• GOAL: maximize benefits while supporting
  other resource objectives

                                          October 7, 2008
                 Advance Recovery & Enhancement

• Actively design the characteristics of riparian
  forests
• Driven by landscape context
• Requires detailed site-specific tools & skills
• Maximize benefits to salmonids
• GOAL: expedite recovery of functional aquatic
  ecosystem dynamics




                                           October 7, 2008
                            Policy Sets the Framework

• Riparian reserves
  – low risk, long recovery period (centuries)



• Active Management
  – higher risk, faster rates of recovery & function
  – Careful design can mitigate increased risk




                                                 October 7, 2008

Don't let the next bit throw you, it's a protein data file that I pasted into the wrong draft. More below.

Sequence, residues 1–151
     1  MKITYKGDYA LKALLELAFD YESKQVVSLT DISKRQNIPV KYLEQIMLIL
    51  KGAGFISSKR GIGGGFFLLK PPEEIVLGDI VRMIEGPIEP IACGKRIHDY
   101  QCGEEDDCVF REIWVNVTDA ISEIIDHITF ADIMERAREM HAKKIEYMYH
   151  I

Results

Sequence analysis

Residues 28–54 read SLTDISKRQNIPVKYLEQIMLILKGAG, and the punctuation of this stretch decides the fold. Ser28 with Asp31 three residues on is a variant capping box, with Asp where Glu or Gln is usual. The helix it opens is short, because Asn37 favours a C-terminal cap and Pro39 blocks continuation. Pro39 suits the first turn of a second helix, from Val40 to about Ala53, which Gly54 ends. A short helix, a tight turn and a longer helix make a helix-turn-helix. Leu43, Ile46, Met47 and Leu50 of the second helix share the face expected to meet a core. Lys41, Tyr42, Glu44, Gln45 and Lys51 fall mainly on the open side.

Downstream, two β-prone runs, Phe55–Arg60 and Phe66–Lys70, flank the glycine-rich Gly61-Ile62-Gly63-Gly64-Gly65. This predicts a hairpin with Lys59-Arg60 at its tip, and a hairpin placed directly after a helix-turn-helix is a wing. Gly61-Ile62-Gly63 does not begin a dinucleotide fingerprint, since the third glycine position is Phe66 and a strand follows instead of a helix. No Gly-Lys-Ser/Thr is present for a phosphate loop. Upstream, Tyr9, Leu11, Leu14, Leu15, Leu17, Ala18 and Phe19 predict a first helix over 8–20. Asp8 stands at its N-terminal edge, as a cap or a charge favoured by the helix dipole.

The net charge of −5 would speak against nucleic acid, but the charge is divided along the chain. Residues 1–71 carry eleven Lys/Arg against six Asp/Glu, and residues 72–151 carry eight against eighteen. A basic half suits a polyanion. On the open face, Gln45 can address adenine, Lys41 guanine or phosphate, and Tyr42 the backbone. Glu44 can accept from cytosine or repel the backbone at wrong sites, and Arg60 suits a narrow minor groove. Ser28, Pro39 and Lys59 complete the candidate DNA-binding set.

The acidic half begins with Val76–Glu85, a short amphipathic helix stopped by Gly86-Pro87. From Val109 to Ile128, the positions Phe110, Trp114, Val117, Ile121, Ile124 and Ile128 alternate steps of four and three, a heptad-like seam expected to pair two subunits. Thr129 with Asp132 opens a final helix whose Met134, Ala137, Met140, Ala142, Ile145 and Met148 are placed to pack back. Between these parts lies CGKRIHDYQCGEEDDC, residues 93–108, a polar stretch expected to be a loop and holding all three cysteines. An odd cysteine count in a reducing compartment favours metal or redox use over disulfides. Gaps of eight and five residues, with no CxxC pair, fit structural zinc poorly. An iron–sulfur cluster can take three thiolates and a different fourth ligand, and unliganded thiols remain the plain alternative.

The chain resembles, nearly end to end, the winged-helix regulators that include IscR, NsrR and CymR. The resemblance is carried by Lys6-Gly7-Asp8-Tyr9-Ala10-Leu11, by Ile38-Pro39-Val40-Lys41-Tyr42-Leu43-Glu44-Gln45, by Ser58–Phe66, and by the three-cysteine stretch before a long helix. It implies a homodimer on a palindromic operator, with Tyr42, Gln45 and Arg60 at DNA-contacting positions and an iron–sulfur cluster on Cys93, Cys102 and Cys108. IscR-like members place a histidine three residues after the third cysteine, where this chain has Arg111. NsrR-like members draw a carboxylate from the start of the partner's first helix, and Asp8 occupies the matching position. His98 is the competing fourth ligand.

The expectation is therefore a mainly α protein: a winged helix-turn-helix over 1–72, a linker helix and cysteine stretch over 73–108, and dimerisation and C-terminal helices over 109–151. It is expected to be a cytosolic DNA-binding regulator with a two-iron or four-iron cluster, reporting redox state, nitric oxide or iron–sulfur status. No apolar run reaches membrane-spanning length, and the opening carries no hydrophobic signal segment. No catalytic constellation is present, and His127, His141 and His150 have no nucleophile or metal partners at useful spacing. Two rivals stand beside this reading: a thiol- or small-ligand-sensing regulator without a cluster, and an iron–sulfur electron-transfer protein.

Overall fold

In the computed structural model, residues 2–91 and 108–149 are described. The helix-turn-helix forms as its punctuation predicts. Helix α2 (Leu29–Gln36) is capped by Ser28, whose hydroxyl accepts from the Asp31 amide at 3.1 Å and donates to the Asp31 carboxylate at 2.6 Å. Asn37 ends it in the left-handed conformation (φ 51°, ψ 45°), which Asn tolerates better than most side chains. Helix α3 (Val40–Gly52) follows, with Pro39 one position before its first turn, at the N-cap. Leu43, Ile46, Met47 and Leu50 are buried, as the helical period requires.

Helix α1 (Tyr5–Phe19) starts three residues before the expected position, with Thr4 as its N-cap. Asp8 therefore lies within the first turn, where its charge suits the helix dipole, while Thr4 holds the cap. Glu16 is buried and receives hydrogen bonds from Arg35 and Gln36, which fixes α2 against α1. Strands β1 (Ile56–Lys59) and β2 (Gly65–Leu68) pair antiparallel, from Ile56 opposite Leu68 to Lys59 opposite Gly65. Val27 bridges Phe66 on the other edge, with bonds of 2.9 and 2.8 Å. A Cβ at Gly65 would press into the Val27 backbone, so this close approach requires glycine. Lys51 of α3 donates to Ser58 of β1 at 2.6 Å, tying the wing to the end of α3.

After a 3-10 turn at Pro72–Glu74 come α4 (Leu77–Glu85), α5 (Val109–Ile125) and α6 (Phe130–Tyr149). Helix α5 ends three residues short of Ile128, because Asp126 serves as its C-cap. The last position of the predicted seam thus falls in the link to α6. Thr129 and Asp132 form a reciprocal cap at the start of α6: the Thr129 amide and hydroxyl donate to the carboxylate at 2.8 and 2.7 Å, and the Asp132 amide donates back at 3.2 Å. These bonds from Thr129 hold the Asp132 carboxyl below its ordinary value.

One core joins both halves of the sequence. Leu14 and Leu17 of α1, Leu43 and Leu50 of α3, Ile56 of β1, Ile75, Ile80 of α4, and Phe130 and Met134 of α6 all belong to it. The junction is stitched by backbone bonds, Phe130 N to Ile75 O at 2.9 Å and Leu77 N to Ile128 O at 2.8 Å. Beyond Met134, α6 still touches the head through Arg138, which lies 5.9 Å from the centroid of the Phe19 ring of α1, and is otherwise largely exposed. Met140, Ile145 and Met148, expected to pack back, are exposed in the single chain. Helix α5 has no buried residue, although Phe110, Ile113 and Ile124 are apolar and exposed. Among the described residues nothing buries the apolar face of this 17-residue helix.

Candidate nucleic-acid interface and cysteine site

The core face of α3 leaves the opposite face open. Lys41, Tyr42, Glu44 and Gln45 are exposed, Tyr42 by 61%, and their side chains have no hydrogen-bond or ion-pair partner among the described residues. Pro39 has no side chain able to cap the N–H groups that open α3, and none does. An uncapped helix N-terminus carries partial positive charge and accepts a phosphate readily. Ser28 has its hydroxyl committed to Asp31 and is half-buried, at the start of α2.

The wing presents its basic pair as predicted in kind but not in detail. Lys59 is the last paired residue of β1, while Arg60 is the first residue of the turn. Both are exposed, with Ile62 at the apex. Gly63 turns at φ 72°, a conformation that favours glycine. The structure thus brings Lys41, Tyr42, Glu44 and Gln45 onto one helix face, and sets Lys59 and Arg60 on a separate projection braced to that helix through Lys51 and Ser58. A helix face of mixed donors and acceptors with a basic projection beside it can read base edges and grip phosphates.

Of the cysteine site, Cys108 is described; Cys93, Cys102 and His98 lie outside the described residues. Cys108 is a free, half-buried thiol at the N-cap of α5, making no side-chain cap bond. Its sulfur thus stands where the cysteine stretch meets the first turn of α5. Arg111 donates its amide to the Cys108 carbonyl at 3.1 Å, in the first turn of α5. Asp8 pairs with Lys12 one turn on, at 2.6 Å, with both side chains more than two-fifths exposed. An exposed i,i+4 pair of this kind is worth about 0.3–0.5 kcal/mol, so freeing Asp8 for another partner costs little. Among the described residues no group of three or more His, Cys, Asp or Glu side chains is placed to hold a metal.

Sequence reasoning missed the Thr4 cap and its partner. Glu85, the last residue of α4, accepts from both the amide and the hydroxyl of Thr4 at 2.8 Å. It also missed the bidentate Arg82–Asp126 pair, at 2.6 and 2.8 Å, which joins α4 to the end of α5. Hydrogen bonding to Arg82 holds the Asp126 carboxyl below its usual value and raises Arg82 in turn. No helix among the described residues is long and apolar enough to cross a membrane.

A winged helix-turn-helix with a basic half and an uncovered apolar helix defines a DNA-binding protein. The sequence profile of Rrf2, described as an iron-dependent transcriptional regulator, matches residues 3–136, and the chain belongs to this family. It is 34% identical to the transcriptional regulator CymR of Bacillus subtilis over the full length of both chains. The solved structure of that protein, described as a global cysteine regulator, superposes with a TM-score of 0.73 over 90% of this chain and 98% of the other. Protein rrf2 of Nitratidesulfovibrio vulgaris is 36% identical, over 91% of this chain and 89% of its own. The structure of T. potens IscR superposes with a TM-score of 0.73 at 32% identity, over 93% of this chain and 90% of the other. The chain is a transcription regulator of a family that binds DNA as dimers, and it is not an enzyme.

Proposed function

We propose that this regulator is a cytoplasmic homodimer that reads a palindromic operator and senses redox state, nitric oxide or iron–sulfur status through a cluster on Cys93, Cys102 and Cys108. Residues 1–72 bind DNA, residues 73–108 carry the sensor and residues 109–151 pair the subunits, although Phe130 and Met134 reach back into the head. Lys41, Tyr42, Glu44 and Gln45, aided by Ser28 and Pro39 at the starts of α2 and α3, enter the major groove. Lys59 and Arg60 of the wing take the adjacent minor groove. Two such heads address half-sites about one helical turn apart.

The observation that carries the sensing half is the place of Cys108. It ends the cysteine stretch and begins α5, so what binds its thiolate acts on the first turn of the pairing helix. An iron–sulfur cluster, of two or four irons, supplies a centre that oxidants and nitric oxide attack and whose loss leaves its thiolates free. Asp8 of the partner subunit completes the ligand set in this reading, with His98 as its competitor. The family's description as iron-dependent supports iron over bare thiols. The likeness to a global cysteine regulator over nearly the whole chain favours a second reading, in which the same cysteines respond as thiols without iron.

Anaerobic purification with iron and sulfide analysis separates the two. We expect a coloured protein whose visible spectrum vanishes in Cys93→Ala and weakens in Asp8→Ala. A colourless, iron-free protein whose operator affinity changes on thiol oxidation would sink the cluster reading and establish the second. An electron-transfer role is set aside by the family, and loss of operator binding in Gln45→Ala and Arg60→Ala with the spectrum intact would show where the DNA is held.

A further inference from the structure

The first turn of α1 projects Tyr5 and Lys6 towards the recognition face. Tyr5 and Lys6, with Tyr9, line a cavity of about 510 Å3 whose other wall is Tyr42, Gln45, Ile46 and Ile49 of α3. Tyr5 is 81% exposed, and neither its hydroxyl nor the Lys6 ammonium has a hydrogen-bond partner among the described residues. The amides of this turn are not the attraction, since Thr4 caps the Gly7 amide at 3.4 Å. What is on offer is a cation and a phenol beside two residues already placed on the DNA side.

Scientific Basis for Management

• BMPs
• Decision Support                 g
                                 in ses




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                                Basis

                        M ue
• Design Approaches

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                                           October 7, 2008
                  Scientific Basis for Management
               Management Policies,
                Priorities and Goals




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                     Monitoring &
                     Assessment

                                                       October 7, 2008
Process Critique




           October 7, 2008
                                Process Critique
• Level of effort greatly exceeded budget
• Very strong steering - too focused on details
  – Limited ability to focus on policy implications

• Many of the assigned papers were not relevant
• Several topics were not well addressed by
  assigned literature
• TAC steering well-intended but cumbersome




                                               October 7, 2008